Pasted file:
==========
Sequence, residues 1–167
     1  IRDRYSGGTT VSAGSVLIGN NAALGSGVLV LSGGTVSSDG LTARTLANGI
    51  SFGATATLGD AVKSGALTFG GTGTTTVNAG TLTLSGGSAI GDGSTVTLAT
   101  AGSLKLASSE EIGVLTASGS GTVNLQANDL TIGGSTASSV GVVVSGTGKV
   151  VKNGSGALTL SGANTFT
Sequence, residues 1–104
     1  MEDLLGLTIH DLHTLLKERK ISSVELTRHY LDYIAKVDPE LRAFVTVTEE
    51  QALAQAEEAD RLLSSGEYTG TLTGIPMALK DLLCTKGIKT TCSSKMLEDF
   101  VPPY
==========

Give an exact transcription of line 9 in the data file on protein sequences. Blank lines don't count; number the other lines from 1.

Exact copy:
   101  VPPY